11.22.10

Agyness Deyn's New Passion

The 26-year-old supermodel and British it-girl has started an online magazine. She tells D.M. Levine about running a business, finding stories in the fashion world—and how this isn't just a hobby.

Agyness Deyn doesn’t look like a media entrepreneur. She’s tall and very slender (she is a model, after-all) with signature short bleached blond hair. She’s 26 years old, but in the right light she looks considerably younger—like a 21-year-old NYU student, but with better clothes. All in all, she’s an unlikely aspiring media mogul.

Last July, Deyn and Fiona Byrne, a close friend from Dublin, quietly started a new site—half blog, half online magazine—called NAAG—the name comes from the combination of the two founders’ names—the “NA” in Fiona and ‘AG’ in Agyness. The concept, they say, was to create a publication that reflected their interests and downtown lifestyles. “The idea is that these are places and things that we like, things that we like to do, things that we like to wear, things that we listen to—all of that stuff,” Byrne says, over coffee with Deyn at the Bowery Hotel on an unusually warm Saturday in mid-November.

As such, the site features short stories about fashion, music, and culture, featuring everything from reviews of chic hotels and hip restaurants and beauty products to interviews with cultural figures. As NAAG’s Creative Director, Deyn oversees “the broader picture” of the site, and scouts for interesting models to work with and brainstorms ideas. “We discover content when we’re out hanging out,” she says. It’s unclear how much time Deyn spends day to day on the project, though she points out that it is very much a serious venture for her. “This is not just a hobby,” she says.

The idea for NAAG came from an unlikely source: the All Points West Music Festival, where Byrne and Deyn met two summers ago. “It was pouring rain. We were in a tent, the music stopped because the weather was that bad,” Deyn recalls. “We were just passing the time while having a beer, chatting about everything. … And we were like, ‘Wouldn’t it be awesome if there was a site you could just go to and get bits of everything all in one go.’ Byrne interjects: “For people like us.”

Agyness Deyn is a professional model, the kind who made news in 2008 when she didn’t show up to Paris Fashion week. She’s done campaigns for Burberry, Armani, and Jean-Paul Gaultier, among others, and had her U.S. debut of sorts in 2007 when she appeared on the cover of Vogue as part of what the magazine described as the new class of young supermodels. In Europe, she serves as consistent fodder for British tabloids and gossip sites for a party-girl lifestyle and her famous rock-star boyfriends. But, Deyn says that her new venture represents a bit of maturation. “You grow up,” says Deyn. “I have the urge to express myself more and I suppose you look for ways to do that.”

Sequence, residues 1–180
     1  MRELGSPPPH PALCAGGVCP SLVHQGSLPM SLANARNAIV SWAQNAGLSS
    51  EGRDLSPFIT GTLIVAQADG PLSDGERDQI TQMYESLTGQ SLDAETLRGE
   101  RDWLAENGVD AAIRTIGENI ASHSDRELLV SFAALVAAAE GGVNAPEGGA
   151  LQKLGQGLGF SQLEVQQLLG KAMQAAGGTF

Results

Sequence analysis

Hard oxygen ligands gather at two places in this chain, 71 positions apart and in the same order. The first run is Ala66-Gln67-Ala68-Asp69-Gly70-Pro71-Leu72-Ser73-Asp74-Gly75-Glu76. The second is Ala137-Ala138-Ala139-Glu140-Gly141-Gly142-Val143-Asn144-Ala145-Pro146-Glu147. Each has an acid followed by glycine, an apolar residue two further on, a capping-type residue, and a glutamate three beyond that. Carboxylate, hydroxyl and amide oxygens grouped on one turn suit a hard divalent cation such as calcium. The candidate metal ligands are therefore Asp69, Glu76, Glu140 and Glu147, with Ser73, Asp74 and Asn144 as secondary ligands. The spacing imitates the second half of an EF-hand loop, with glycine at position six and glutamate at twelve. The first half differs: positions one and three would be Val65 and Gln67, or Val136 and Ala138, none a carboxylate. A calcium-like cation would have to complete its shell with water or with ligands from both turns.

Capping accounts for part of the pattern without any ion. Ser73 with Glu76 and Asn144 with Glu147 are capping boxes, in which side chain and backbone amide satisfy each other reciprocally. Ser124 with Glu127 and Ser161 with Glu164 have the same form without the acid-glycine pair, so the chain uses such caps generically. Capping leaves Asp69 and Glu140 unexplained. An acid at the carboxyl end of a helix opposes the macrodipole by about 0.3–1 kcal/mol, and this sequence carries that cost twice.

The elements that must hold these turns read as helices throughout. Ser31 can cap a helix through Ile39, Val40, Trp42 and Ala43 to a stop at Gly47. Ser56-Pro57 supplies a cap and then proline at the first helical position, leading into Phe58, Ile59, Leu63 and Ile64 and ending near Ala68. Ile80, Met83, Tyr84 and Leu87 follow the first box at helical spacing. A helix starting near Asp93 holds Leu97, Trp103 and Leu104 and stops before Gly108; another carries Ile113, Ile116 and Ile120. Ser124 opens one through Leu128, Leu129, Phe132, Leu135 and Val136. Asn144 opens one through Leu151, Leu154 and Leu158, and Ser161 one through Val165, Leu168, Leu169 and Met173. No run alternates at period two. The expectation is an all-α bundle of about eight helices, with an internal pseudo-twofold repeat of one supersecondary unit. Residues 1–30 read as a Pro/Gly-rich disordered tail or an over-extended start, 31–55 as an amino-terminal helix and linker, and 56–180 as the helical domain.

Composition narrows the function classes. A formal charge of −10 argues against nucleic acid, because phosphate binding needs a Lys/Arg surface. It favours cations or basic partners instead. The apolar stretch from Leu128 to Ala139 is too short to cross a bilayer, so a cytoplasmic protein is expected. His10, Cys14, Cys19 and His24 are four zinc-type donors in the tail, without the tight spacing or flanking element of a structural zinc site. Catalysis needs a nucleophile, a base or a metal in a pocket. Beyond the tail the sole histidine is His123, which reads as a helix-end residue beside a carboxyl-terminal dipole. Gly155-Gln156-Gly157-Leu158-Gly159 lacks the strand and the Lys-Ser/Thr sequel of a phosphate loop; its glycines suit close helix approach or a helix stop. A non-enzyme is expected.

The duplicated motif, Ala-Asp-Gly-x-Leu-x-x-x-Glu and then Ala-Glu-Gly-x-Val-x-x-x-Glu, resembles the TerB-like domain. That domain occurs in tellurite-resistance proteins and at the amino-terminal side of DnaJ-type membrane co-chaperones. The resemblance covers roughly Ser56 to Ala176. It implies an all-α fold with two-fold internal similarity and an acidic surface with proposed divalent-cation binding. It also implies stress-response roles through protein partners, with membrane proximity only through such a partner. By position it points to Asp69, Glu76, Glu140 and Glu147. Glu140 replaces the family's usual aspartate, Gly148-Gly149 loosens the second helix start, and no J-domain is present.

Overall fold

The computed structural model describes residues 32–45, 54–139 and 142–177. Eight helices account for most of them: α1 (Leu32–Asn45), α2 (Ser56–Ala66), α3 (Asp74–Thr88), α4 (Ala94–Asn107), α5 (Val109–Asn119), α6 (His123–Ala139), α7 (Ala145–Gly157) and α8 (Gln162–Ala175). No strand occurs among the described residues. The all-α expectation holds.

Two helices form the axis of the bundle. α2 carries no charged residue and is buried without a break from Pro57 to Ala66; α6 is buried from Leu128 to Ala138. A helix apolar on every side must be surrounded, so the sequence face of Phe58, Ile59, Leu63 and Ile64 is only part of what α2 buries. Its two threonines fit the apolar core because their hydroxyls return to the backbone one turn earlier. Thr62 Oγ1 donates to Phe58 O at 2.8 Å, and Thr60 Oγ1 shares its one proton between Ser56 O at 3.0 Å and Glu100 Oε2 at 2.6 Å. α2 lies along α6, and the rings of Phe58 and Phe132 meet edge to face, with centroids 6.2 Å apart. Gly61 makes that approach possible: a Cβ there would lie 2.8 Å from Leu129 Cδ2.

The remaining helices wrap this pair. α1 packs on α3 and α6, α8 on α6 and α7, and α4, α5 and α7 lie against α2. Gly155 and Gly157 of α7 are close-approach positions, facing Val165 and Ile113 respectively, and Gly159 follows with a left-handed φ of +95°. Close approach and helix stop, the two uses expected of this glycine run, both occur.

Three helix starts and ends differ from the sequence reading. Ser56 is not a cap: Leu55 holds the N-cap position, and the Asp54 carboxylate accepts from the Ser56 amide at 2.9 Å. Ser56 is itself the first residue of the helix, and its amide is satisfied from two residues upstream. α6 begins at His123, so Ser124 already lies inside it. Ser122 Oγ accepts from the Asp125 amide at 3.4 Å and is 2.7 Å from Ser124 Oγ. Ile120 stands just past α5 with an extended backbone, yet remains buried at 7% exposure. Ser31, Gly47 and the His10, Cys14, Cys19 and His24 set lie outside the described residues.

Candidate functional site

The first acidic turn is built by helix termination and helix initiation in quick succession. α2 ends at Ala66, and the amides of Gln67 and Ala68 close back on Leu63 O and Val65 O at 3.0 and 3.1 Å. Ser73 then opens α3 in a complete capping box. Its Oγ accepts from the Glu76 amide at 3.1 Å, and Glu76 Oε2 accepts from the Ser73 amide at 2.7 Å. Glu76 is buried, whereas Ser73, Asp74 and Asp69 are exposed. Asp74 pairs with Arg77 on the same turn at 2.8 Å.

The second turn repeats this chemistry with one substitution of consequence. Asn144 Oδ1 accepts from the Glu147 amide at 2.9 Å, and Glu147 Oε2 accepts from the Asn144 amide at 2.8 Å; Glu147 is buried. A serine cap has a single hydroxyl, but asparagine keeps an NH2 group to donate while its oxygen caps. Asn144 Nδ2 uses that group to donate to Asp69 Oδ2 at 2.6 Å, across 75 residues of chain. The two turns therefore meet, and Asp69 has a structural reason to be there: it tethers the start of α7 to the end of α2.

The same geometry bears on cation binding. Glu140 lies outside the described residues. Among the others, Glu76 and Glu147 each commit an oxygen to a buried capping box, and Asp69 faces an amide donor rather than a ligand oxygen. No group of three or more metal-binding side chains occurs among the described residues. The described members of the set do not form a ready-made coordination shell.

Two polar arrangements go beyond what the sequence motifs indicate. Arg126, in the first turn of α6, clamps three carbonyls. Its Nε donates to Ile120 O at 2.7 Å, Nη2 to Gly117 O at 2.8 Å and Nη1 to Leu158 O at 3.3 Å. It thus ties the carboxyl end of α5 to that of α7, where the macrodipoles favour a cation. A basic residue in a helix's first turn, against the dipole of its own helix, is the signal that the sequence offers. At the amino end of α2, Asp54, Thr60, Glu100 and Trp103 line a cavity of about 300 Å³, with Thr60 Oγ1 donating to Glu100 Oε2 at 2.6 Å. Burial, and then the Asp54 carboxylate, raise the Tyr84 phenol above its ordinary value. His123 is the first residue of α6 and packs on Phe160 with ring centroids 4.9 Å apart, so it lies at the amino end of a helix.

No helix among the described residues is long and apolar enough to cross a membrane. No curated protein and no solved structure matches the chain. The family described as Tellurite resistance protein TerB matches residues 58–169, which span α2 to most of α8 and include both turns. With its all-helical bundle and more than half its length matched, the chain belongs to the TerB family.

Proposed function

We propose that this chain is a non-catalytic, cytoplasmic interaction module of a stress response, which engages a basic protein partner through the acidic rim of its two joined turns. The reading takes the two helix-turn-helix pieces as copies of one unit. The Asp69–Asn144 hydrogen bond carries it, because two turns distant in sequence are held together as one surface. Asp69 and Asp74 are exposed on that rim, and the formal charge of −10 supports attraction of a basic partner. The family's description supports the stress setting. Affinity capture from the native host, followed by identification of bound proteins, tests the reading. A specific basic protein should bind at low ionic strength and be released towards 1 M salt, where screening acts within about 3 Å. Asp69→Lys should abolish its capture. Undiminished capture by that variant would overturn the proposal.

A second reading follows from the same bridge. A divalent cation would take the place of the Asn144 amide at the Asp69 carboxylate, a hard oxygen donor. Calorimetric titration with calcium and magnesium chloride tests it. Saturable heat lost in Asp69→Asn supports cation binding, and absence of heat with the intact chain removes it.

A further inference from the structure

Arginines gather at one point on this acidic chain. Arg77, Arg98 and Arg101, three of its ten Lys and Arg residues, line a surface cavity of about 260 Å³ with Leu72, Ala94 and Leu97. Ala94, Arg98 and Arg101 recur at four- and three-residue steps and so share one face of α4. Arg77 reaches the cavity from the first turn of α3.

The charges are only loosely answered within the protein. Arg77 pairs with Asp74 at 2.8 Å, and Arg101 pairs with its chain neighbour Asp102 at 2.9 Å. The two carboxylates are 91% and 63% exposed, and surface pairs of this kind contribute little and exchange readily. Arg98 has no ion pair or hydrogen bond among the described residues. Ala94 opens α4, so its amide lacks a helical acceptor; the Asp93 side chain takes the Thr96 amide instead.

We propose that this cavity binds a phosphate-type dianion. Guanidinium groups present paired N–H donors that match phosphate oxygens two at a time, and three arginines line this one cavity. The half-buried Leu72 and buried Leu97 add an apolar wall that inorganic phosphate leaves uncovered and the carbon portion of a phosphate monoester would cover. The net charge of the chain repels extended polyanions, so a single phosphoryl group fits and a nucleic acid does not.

Gallery: Agyness Deyn

Byrne says the site does not have any outside investors—that they operate on a shoestring budget which the two, according to Byrne, put up themselves—though now NAAG is partnering with a variety of brands, among other things, hosting special events that are starting to bring in revenue. The site does have sponsored content, though Byrne says it’s always labeled as such and that there is a strict division between business and editorial. “I don’t think it’s going to be too long before we turn a profit,” Byrne says. As of now, the site operates out of Byrne’s apartment on the Lower East Side. Though NAAG went live this summer, the two kept the site relatively quiet until this month when they’ve been on a multicontinent media blitz. Two weeks ago, Deyn and Byrne hosted the official New York launch on the Lower East Side (guests at that party included Marion Cotillard and Zachary Quinto), and late last week, the two were in London for the site’s U.K. launch party. Deyn and Byrne say they hope to expand NAAG to include reviews of happenings in other countries. They’re planning a site in Japanese, and possibly a site for Australia.

Asked whether after the modeling and the partying and the acting, Deyn had now set her sites on a different sort of career—whether she now has aspirations to be the next Rupert Murdoch, she replies: “I would never say never. We’re growing and growing and growing... But to even think about being like [Murdoch]…” Deyn paused and thought for a brief moment. “Yeah, sure, why not?”

D.M. Levine has covered kosher meat packers, hipster rap moguls and a variety in between. His writing has appeared in Conde Nast Portfolio, The New York Observer, The American Lawyer, Fortune.com and the websites of PAPER and BlackBook, among other publications. Levine lives in New York City.

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